benefit health insurance plans may be.
- The Department directed insurance
companies to provide information to the Department about any limited benefit health
plans they sell in New York.
- The State will hold public
hearings to determine if the proper course is tighter regulation or banning
the product completely.
In addition to the limitations inherent in
these policies, marketing and sales practices surrounding them may add to the
confusion, Brooks said. Many limited benefit plans are solicited via the Internet
and through television commercials. Some of these advertisements imply the policies
provide comprehensive or major medical coverage. Exclusions and policy limits
are not completely revealed. The sales are completed via the Internet or telephone
without the benefit of a written application, circumventing specific disclosures
that are required by New York Law. The mandatory disclosures are either not provided,
are not prominently displayed or are lost during the sales pitch and thus are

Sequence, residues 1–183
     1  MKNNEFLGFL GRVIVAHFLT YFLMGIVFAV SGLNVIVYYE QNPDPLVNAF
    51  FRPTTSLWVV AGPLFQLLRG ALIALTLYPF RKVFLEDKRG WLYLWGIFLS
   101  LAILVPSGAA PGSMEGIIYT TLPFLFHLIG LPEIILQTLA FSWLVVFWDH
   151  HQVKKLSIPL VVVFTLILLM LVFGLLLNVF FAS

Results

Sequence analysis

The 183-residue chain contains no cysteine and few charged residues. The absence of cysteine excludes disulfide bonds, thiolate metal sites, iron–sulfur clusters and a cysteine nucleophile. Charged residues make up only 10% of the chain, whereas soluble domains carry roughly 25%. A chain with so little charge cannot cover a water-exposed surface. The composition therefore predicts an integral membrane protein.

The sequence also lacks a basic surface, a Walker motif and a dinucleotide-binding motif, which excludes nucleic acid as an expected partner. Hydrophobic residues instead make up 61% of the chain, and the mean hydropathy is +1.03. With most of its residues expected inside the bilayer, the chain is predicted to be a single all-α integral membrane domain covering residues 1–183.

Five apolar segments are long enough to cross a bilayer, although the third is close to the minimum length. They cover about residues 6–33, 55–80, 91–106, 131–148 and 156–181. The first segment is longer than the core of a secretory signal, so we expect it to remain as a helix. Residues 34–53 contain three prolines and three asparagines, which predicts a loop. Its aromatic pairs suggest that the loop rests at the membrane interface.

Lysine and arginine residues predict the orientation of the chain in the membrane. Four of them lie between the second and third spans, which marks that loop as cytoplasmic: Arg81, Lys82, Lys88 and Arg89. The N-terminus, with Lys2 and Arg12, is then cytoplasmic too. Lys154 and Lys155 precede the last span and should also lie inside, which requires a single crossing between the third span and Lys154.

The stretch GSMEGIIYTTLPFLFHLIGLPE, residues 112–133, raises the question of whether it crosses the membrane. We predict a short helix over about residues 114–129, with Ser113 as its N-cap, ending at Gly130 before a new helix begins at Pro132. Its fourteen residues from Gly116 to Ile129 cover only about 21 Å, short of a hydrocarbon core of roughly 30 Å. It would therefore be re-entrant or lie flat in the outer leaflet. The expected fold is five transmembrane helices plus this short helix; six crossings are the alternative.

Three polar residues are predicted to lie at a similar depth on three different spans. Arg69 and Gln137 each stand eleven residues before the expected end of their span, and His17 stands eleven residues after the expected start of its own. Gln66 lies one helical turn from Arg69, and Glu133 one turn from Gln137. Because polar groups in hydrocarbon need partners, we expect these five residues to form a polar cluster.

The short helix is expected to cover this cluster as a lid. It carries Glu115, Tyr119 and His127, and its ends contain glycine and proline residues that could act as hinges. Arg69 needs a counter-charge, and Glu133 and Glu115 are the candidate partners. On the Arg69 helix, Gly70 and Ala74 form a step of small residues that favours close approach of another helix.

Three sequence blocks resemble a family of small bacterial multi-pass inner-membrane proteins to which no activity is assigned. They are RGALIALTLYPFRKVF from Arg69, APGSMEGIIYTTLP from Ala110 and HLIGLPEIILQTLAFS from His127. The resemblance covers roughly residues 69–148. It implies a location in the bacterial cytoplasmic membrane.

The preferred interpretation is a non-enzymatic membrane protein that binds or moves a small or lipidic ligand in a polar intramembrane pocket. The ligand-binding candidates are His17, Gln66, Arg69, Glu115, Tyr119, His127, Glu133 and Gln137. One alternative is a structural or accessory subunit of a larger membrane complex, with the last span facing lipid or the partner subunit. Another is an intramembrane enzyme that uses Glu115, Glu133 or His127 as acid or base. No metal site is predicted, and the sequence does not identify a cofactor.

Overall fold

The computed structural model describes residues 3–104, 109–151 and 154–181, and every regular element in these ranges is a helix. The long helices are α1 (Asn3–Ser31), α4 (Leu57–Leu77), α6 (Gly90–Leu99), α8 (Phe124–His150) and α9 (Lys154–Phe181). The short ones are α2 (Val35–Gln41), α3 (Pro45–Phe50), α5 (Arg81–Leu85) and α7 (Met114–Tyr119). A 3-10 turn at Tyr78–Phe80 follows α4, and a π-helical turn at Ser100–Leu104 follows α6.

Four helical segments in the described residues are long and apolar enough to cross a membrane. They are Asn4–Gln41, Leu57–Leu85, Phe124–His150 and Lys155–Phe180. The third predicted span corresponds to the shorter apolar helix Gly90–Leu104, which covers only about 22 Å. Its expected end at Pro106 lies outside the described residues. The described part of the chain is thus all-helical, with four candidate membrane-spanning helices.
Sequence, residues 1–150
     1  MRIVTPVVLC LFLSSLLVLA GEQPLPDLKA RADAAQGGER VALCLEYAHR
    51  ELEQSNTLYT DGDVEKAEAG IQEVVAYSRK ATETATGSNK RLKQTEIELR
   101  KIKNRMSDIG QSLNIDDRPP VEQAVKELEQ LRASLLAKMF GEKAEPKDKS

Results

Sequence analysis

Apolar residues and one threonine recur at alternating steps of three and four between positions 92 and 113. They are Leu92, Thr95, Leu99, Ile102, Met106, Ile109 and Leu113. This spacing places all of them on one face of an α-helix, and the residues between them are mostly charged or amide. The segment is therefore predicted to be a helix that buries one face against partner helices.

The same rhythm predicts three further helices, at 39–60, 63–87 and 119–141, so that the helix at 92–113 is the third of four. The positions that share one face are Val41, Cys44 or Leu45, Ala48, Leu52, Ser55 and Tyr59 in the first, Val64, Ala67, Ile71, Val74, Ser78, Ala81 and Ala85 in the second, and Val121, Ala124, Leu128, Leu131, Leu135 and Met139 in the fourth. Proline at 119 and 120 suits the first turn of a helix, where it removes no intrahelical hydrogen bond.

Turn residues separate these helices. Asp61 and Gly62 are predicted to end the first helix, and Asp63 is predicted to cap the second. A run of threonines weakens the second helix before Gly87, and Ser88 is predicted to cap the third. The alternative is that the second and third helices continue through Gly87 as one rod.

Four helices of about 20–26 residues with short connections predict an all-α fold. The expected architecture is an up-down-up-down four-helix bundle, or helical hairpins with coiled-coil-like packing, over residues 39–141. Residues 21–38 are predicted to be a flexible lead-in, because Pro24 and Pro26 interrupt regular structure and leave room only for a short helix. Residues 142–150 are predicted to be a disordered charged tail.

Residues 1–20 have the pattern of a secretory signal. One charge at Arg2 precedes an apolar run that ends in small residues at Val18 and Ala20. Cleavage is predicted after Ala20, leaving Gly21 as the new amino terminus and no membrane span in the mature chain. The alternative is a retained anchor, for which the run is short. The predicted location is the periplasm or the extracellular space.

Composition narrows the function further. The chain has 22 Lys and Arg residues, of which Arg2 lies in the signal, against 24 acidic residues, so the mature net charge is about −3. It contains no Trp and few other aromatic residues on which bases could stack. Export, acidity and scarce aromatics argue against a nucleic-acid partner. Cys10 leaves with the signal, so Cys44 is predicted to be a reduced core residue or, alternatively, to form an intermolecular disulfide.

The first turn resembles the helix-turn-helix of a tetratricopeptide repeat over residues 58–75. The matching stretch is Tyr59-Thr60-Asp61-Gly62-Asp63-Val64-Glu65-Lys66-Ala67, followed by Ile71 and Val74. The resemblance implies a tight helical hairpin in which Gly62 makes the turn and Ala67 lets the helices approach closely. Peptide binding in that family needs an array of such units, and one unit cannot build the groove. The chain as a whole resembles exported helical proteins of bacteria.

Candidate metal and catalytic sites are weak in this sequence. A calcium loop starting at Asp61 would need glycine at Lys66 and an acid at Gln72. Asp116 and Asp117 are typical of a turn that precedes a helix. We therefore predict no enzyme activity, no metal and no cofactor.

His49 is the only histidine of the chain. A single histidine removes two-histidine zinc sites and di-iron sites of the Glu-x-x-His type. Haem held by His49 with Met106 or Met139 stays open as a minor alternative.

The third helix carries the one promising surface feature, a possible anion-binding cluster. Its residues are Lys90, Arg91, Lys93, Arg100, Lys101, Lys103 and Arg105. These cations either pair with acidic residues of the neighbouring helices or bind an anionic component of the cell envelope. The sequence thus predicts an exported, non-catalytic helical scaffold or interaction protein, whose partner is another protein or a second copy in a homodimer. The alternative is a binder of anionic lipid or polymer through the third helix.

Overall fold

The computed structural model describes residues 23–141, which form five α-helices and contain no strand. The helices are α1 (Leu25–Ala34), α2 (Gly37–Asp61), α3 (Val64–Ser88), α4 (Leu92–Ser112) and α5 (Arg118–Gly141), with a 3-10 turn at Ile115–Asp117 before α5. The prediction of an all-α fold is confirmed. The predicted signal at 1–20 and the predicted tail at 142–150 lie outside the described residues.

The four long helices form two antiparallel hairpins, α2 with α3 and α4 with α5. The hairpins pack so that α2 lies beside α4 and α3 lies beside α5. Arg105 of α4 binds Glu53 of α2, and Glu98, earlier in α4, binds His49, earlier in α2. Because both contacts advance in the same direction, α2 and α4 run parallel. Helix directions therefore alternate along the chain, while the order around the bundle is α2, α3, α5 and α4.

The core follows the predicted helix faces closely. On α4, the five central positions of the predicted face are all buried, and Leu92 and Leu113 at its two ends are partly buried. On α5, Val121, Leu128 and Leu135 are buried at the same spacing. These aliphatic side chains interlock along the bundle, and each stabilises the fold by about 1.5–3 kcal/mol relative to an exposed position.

ineffective. Investigations have also revealed that some policies are sold through
telemarketing firms using unlicensed agents, which is in violation of New York
"We will hold hearings
to look at the larger issues surrounding limited benefit health plans," Brooks
said. "Are they being sold properly? Should they be sold at all? What else can
we do to protect New Yorkers? We want to hear what the public thinks about these
Hearings are scheduled for September 21 in New York City, September
24 in Newburgh and September 30 in Rochester. More information on the hearings,
including how to testify, is available at the Insurance Department's website at
Consumers with insurance questions or concerns can call the Insurance Department's
consumer hotline at 1-800-342-3736. The hotline is open from 9 a.m. to 4:30 p.m.
Monday through Friday. Consumers may also ask questions or file complaints at
the Insurance Department's website, www.ins.state.ny.us.
AVERAGE SERVICE COST/AMLI COVERAGE COMPARISON
|Services||New York State Average Cost||American Medical
and Life Insurance: National Congress of Employers Group Plan Coverage|
Hospital Room & Board
$5,516- average daily charge
(*Includes insured & self insured data & excludes Medicare and Medicaid)
(max. 30 days)
Diagnostic Tests-High tech
(MRI, PET, CT, etc.)
$500-$1250 (CT Scan)
$850-$4200 (PET Scan)
(max. 3 test days/yr)
tech (x-ray, lab, etc.)
$83-$1,100 per test
Doctor’s Office Visit
$84-$185 (low to moderate severity)
to high severity)
$200-$355 (moderate to high severity, more complex)
$373-$550 (moderate to high severity, highly complex)
(* Taken from The
Attorney General’s Report “The Consumer Reimbursement System is Code
$100 per visit (max. 5 visits/yr)